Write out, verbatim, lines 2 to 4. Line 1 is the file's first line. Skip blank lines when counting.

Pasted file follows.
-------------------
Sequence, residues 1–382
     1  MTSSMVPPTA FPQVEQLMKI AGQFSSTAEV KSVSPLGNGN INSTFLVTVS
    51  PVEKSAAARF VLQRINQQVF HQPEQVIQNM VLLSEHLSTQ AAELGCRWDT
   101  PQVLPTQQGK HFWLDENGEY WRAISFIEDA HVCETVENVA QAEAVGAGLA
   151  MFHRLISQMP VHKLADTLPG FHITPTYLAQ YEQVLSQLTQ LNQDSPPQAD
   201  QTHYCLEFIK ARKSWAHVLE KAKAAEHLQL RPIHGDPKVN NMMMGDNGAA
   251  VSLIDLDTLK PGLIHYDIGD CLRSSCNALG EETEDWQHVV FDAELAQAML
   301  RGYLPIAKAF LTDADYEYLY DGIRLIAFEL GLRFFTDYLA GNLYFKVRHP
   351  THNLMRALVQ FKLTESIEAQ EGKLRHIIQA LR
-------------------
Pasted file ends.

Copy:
     1  MTSSMVPPTA FPQVEQLMKI AGQFSSTAEV KSVSPLGNGN INSTFLVTVS
    51  PVEKSAAARF VLQRINQQVF HQPEQVIQNM VLLSEHLSTQ AAELGCRWDT
   101  PQVLPTQQGK HFWLDENGEY WRAISFIEDA HVCETVENVA QAEAVGAGLA